• Emperor Thaurissan (Wild) - Thaurissan is another one of those big, impactful minions you might want to copy. However, it's on the list for other reasons. It reduces the cost of every card in your hand, and cards copied by this keep their reduced mana cost. It means that if you happen to play Freeze Mage with Evolved Kobold and you reduce it to three mana, you can quite easily get an extra copy with this. Not only it means that you can have two huge burst turns, but it also means that OTK becomes much easier, as you can have +4 Spell Damage for just 6 mana.

  • Highlander Decks (Wild) - While some of those cards are still available in Standard, most people enjoy the Highlander decks in Wild now that Reno Jackson has rotated out. And yes, Reno is a great target to copy if it happens to be the cheapest minion in your hand. If one Reno is not enough, two are the best counter to any Aggro deck out there! But he's not the only one - Reno Mage runs many more impactful minions, and some of them are rather cheap. An extra Brann Bronzebeard or Kazakus can be pretty solid in those value-oriented matchups.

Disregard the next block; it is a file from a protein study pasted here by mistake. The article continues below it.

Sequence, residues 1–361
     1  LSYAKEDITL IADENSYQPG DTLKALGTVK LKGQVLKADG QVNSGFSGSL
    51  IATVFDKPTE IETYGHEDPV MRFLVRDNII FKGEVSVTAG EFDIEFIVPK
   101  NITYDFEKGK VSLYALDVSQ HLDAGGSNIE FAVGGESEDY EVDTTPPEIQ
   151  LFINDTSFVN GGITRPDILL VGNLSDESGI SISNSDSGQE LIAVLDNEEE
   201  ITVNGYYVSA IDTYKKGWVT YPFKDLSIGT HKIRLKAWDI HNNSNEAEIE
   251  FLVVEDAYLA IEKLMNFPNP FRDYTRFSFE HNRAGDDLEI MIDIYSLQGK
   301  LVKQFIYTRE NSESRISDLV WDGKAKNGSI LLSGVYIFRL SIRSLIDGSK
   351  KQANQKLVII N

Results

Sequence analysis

And more! There are almost certainly more synergies with existing cards (which we're sure you will find quickly), but there are more cards to come in this set. Not only that - the card will stay with us in Standard until 2019, which means that its potential will continue to grow.

As an extra note, remember that this spell will be added to the pool of spells you can get from the random effects like Babbling Book or Primordial Glyph. So knowing how to utilize it might come handy even if you don't actually put it into your deck.